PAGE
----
Determining the mechanisms that maintain or increase biodiversity is a fundamental goal for ecology and evolution. Thus it is important to understand the evolution of plant defense via secondary compounds, because they mediate numerous important ecological interactions with herbivores, pollinators and pathogens. The overall aim of my research is to investigate the causes and consequences of chemical variation within a single host plant species on the evolution, physiology and diversity of specialist herbivores.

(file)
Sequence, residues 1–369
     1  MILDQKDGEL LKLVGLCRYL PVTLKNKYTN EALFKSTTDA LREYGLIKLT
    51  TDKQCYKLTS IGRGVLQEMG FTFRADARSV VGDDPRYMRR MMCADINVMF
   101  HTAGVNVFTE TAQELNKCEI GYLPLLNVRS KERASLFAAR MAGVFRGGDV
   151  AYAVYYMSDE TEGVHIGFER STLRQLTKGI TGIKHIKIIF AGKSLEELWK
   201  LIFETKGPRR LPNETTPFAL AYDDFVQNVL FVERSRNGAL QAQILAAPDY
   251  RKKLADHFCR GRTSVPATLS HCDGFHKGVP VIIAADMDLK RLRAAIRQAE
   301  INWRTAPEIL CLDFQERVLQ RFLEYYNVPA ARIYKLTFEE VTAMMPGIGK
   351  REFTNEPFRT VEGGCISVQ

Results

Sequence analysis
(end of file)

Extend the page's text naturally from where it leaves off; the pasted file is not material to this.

Piper is a species-rich genus of small trees, shrubs and vines that are characterized by a remarkable diversity of plant secondary compounds, exhibiting important biological activities, such as insecticidal and antibacterial effects. Piper kelleyi is endemic to the eastern slopes of the Andes of Ecuador and Peru, with a narrow distribution of 1400 to 2400 m.
Eois is a genus of highly diverse caterpillars that feed exclusively on plants in the genus Piper and are host to diverse wasp parasitoid communities.
My research will elucidate the mechanisms by which plant chemically-mediated interactions can drive diversity of herbivores, and parasitoid wasps.